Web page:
Breathing exercises for COPD
For breathing exercises in COPD the lip brake is a crucial element. Here, one breathes consciously against the resistance of the slightly opened lips. This increases the pressure in the upper airways.
The problem with COPD is that the airways become narrower, especially during exhalation, making it difficult for air to escape. The increased pressure caused by the lip brake keeps the bronchi open and allows air to escape. In addition, a better oxygen circulation can be achieved and thus breathing difficulties are reduced.
This plays a major role in patients with advanced COPD, as they often feel that they are losing control of their breathing. This feeling can be reduced by using the lip brake. Other breathing exercises include deepening breathing and reducing the work of breathing, e.g. by training abdominal breathing, as well as exercises to promote mobility of the thorax Another important technique is diaphragmatic breathing.
This is an attempt to actively concentrate on breathing with the diaphragm, i.e. mainly with the abdomen. In this way, other breathing muscles can be relieved and the diaphragm is strengthened at the same time. This can be combined well with the lip brake.
Many patients with COPD also find it helpful to adopt the carriage seat position, i.e. to support the elbows on the thighs. This stimulates other muscles to support breathing. The muscles in the back are relaxed and therefore less oxygen is used. and breathing exercises in COPD
Breathing exercises for asthma
Since the respiratory muscles are under great strain in asthma due to frequent coughing, it is important to stretch them with breathing exercises. For this purpose it can help to twist the upper body against the lower body while standing and to breathe with the help of the diaphragm. The diaphragm is trained and the distance between the ribs is stretched.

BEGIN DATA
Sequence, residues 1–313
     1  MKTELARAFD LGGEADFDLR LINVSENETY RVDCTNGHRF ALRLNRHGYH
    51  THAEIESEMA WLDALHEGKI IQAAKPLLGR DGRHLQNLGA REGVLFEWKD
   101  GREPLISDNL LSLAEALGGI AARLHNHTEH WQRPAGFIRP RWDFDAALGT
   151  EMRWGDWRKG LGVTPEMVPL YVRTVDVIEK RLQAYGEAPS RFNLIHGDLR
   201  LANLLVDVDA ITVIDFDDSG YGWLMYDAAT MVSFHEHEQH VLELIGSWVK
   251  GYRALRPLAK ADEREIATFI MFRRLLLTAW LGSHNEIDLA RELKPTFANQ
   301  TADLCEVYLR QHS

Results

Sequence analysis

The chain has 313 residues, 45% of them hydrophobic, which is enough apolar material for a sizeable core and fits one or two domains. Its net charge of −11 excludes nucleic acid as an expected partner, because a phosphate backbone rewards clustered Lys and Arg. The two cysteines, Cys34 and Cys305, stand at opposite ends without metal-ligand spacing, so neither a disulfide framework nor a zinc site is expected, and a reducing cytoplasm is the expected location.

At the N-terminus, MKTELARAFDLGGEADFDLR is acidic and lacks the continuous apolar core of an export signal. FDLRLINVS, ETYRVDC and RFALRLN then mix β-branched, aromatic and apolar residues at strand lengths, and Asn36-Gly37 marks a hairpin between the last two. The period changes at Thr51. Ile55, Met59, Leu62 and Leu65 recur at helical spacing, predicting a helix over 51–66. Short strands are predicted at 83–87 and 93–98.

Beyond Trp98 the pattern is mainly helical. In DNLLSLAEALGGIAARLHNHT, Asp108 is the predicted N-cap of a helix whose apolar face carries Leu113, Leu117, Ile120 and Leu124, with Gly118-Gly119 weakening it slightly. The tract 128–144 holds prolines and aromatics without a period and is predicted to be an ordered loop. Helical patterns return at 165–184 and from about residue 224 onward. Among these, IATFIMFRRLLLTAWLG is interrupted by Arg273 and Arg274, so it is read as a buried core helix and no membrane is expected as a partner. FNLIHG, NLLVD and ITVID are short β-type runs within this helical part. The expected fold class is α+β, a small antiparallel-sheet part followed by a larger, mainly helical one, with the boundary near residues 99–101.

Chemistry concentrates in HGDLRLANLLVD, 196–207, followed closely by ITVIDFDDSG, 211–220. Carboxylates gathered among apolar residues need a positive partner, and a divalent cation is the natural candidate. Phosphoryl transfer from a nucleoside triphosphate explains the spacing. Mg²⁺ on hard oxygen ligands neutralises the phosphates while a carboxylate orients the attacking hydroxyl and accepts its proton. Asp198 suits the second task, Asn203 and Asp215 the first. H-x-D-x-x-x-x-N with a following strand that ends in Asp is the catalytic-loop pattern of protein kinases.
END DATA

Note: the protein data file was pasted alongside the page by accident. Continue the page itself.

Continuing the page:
This supports the breathing function and strengthens the diaphragm as an important breathing muscle. A crucial part of the breathing exercises for asthma is learning how to cough properly. Asthma often leads to a chesty cough, which can cause the bronchial tubes to cramp and thus weaken.
Therefore, a morning bronchial toilet is recommended for asthma. This means coughing after getting up in order to cough up any remaining mucus that has accumulated in the lungs during the night. Deep inhalation is followed by a slight clearing of the throat with some of the air being exhaled.
The remaining air remaining in the lungs is used to cough slightly. This should be repeated several times to completely clear the airways. In addition to lip-braking, breath-relieving techniques are also used, such as the “carriage seat”: Here the affected person sits upright with arms resting on his legs or on the table.
The fixation of the arms ensures that the so-called respiratory assistance muscles are used and thus the regular breathing muscles are relieved. Abdominal breathing and chest stretching exercises also play an important role in asthma. For detailed instructions, please refer to videos on the Internet (for example from the German Allergy and Asthma Association).